Does hybridization among tamarisk beetles change the risk of non-target attack in the field? Clark et al. study the consequences of hybridization in tamarisk beetles (Diorhabda). They paired laboratory phenotyping with genomics to assess changes in risk of non-target attack and body size and fecundity. Body size and early fecundity were similar in pure and hybrid females, indicating that hybridization is not detrimental to insect fitness or the biocontrol program and may provide variation that allows populations to become locally adapted. Host use of hybrids was very similar to that of pure species, although some hybrid individuals had increased preference for Frankenia salina, a native non-target species. Overall, hybridization has likely not been detrimental to the efficacy and safety of the Diorhabda biocontrol program, but possible impacts on F. salina should be monitored, considering ongoing hybridization and evolution in the field.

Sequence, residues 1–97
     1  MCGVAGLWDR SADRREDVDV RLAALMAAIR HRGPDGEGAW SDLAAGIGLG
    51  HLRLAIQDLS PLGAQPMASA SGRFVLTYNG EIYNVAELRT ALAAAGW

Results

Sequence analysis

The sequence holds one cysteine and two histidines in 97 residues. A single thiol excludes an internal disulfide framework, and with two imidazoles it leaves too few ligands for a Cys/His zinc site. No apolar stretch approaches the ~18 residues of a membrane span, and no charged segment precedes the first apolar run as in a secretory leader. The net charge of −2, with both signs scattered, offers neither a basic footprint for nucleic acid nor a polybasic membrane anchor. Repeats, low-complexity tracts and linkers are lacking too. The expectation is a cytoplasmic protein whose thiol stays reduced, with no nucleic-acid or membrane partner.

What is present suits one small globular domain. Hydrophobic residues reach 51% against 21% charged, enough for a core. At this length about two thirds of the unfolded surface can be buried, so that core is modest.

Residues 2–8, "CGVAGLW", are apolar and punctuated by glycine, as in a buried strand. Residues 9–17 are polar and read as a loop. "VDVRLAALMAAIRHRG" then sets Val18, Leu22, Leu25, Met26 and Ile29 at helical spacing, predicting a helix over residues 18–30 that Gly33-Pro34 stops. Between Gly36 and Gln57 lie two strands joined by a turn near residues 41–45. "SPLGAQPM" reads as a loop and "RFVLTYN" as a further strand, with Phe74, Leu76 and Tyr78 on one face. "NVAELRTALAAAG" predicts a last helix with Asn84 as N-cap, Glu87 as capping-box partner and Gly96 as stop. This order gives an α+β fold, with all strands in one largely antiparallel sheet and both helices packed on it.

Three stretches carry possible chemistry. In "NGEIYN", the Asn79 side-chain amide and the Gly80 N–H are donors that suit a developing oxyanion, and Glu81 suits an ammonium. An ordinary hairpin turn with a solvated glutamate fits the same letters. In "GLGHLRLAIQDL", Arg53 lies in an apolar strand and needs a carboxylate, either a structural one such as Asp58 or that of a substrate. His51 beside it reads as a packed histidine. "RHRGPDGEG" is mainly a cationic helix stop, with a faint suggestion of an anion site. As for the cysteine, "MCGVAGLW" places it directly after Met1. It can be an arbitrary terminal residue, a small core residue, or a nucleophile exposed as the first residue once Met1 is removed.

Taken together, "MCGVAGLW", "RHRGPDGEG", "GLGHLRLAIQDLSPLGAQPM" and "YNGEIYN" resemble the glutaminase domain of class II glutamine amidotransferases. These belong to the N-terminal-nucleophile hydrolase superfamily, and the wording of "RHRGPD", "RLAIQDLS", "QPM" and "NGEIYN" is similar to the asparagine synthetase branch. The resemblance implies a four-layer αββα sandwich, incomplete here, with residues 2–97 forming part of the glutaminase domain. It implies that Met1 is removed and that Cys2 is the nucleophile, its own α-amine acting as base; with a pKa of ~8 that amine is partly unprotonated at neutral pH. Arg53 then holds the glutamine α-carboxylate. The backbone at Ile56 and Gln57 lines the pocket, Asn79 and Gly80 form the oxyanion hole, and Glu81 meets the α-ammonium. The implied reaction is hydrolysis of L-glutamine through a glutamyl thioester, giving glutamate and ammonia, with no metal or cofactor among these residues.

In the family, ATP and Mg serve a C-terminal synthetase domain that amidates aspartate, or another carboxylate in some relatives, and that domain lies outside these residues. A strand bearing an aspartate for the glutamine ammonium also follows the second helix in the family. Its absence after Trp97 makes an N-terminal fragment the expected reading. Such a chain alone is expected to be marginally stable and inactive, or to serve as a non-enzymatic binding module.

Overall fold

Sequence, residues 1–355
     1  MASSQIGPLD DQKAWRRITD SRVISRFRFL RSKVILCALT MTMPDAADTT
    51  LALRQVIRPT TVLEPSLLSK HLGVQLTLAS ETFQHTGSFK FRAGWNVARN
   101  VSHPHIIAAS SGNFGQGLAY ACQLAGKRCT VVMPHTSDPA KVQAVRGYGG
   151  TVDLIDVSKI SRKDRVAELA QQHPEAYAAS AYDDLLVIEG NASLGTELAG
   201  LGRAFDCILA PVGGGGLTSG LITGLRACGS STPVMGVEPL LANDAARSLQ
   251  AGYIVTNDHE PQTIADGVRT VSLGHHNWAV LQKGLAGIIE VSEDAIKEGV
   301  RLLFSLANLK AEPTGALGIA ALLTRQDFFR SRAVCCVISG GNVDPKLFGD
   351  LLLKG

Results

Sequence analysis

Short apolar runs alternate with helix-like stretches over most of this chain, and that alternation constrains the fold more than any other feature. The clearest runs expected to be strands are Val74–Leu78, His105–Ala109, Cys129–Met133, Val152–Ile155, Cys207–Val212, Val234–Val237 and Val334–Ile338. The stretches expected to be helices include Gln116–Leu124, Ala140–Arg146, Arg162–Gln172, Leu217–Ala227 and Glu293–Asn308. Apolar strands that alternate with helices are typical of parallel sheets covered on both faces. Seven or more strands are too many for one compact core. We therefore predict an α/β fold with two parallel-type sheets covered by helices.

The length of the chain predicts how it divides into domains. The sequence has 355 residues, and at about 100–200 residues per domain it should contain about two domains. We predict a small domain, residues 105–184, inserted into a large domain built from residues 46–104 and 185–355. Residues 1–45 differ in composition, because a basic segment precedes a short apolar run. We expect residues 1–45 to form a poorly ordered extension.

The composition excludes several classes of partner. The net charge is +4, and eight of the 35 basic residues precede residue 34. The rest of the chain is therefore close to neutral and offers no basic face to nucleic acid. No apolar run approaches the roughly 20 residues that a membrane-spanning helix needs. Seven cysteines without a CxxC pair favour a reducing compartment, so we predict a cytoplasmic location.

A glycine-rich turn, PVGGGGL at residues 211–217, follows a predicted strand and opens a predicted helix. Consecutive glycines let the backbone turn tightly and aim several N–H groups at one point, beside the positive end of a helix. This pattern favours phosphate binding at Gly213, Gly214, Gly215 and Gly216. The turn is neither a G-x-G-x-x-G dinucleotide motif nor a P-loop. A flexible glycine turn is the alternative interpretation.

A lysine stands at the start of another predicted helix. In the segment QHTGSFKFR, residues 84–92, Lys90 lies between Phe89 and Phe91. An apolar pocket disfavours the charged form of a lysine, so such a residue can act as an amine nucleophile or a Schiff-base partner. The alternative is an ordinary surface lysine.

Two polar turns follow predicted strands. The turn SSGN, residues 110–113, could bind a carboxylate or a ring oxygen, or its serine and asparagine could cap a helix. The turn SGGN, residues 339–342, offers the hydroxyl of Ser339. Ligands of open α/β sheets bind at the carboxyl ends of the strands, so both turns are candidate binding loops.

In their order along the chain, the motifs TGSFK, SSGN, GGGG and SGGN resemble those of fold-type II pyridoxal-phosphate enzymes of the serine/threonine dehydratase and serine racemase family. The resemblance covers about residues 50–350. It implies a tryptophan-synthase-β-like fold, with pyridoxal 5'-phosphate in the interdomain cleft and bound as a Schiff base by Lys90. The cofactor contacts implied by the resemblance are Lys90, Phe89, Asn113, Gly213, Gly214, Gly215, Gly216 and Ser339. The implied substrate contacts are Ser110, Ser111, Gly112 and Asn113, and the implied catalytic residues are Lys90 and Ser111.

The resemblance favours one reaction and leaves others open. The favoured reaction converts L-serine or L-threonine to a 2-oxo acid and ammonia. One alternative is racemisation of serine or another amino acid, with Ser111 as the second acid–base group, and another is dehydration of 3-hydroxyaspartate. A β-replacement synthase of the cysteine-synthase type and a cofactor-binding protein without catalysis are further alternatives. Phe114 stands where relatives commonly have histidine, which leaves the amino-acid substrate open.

Clark, E.I., Stahlke, A.R., Gaskin, J.F., Bean, D.W., Hohenlohe, P.A., Hufbauer, R.A. and Bitume, E.V., 2022. Biological Control, p.105102. https://doi.org/10.1016/j.biocontrol.2022.105102